Select Committees are committees set up by either House of Parliament, usually for a whole Parliament, to look at particular subjects. Some deal with internal House matters (e.g. catering) but the best known are the departmentally related committees in the House of Commons. The departmentally related Committees examine the expenditure, administration and policy of each of the main Government Departments and associated public bodies. The committees do not routinely look at Bills but sometimes examine bills in draft. Select Committees have the power to take oral and written evidence and issue reports. They include representatives of the three main political parties, but the Government always has a majority.
The Foreign Affairs Committee’s (FAC) terms of reference are ‘to examine the expenditure, administration and policy of the Foreign and Commonwealth Office and associated public bodies’. There is no time limit on membership.
The Committee consists of 11 members. It has a quorum of three. The membership of the Committee is as follows:
Donald Anderson, Chairman (Lab)
Sir Patrick Cormack (Con)
David Chidgey (LibDem)
John Maples (Con)
Fabian Hamilton (Lab)
Eric Illsey (Lab)
Andrew MacKinlay (Lab)
Gisela Stuart (Lab)
Sir John Stanley (Con)
Greg Pope (Lab)
Bill Olner (Lab)
Committee Clerks — Steve Priestley and Steven Mark
The FAC is made up of backbenchers from Government and opposition parties appointed by the House for the duration of a parliament. The membership of the Committee is calculated to reflect the membership of the House as a whole (as far as is possible given a membership of eleven). As a result of the ‘first past the post' system of election the House of Commons is dominated by two major parties with a relatively small number of Members representing ‘third parties'.
Appointments to select committees are formally the responsibility of a committee called the Committee of Selection. In practice nominations for select committee seats originate within the relevant parliamentary party managers (‘whips'). These nominations have to be agreed by the House.
The FAC has a permanent staff of 6 (employed by the House of Commons). The committee also has the power to appoint specialist advisers (usually for the duration of a particular inquiry) to elucidate matters of technical complexity or to supply information not readily available.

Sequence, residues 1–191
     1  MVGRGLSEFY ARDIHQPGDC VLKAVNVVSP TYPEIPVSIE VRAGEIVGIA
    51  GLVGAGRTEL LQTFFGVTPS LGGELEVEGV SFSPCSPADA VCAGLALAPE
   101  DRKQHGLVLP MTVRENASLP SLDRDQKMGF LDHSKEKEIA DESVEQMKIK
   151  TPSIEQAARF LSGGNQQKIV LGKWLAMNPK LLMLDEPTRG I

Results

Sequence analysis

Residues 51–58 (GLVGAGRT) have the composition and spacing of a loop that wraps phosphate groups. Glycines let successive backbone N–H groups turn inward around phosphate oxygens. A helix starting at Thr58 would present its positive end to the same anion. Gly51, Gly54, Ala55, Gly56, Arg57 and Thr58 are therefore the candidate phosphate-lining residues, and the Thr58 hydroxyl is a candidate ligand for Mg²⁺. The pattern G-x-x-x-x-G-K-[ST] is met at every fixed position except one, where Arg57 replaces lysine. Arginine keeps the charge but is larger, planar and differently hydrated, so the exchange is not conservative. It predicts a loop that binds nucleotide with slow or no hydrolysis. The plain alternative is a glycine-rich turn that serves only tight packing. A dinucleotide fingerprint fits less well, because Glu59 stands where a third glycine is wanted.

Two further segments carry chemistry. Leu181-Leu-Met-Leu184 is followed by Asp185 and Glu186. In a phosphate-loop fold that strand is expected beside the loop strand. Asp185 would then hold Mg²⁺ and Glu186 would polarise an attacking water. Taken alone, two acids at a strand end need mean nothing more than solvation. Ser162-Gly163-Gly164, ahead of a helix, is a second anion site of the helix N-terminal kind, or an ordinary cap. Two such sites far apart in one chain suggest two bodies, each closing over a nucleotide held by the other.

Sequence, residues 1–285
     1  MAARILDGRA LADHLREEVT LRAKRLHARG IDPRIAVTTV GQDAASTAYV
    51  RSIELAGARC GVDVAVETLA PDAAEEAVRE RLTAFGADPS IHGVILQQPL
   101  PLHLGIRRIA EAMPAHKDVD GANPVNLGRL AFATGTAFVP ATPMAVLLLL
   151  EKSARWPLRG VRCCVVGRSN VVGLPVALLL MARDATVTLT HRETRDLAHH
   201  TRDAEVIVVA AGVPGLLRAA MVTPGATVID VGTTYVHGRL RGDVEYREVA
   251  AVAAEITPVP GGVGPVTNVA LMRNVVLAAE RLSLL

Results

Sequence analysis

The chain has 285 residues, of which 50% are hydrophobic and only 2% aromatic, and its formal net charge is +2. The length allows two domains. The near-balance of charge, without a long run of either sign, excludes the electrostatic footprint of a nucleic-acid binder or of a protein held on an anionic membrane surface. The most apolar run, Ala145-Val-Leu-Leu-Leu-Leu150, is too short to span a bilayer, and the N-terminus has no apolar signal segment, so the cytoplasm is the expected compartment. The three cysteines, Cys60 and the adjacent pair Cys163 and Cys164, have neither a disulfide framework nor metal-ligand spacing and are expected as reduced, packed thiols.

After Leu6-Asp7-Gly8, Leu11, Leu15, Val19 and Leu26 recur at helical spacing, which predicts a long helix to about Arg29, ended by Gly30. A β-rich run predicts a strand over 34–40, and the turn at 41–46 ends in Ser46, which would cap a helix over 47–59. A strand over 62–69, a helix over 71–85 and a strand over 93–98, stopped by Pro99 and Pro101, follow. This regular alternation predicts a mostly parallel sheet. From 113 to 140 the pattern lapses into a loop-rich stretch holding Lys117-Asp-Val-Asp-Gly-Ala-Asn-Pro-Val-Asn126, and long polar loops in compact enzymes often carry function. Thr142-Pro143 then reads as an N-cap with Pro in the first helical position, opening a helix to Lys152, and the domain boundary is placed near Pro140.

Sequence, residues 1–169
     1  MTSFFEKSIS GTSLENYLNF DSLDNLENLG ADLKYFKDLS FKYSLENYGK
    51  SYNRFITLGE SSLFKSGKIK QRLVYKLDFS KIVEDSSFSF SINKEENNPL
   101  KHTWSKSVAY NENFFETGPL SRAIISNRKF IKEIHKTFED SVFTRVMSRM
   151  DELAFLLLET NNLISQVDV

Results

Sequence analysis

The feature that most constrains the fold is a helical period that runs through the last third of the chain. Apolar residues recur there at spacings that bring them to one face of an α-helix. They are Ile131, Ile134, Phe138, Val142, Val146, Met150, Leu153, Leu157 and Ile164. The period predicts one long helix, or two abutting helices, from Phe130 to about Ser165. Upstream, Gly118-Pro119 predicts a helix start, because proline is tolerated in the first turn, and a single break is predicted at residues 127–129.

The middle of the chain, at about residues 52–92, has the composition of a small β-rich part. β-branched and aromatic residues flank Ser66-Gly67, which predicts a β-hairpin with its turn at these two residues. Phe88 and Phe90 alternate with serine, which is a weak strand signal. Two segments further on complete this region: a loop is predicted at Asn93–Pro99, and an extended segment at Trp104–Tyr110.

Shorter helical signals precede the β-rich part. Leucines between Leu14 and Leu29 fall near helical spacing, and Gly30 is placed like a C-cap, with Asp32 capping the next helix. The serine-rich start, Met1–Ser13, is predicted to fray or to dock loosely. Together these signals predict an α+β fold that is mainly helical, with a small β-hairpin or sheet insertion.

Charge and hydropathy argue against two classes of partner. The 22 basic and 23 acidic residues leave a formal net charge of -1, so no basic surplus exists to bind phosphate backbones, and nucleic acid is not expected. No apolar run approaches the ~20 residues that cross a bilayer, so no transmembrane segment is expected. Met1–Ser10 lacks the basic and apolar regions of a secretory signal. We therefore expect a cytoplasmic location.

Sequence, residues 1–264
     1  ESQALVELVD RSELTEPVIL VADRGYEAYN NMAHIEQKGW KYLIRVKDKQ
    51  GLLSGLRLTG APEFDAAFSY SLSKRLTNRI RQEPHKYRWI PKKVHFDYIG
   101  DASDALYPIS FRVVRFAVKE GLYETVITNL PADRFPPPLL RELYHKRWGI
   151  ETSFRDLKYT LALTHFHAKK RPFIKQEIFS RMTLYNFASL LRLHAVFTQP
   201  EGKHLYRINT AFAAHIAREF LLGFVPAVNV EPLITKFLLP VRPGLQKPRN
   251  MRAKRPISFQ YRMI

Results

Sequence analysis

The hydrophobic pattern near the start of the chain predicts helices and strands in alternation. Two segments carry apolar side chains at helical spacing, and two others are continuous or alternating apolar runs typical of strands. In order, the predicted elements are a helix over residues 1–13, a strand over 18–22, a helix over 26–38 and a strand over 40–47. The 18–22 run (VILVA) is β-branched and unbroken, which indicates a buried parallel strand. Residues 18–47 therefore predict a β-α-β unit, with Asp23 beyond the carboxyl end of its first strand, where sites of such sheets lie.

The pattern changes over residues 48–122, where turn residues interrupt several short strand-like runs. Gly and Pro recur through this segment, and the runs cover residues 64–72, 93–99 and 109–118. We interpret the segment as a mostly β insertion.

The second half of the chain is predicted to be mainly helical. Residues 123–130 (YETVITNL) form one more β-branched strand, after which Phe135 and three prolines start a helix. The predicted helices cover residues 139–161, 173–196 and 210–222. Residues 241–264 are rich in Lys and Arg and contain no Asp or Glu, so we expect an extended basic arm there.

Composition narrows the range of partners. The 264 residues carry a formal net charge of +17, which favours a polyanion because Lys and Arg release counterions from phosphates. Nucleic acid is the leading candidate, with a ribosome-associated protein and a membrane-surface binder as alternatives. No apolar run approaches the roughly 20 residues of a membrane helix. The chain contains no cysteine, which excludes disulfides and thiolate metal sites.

In practice there are no budgetary constraints on publication by the FAC of its reports and evidence (the cost of transcription, specialist advice, printing and publishing for the FAC was about £132,000 in financial year 2000/01). The Committee also has access to resources for foreign travel (spending £84,000 in 2000/01), normally in connection with an inquiry upon which the committee has already embarked. Budget allocations are made by the Liaison Committee (which includes all Select Committee chairmen). The FAC has limited access to funding for entertainment (spending £360 in 2000/01).
The FAC's remit is the expenditure, administration and policy of the Foreign and Commonwealth Office (FCO) which includes the diplomatic service. Other bodies associated with the Foreign Office (i.e. in receipt of public funds from the FCO budget) and thereby within the Committee's remit include the British Council and the BBC World Service. The FCO is also responsible for UK participation in international and regional multilateral organisations such as the United Nations, the OECD, NATO, and the European Union.
The Committee's primary function is to report to the House on matters within its remit. The selection of subjects for inquiry is a matter for the Committee's discretion. Unlike some of its counterparts abroad the Committee has no formal powers to vet public appointments (such as ministers or ambassadors), or scrutinize draft legislation or treaties. Nor does the Committee have any formal role or powers in respect of the Government's negotiations in international forums such as the European Union or the UN. The Committee's formal powers are fairly wide with respect to non-governmental witnesses but government conventions - acknowledged by select committees but without any formal Parliamentary status - circumscribe the Committee’s powers to call named government witnesses or ask for specific government records. In practice select committees enjoy a fair degree of cooperation from government departments and formal procedures for enforcing its powers are rarely invoked.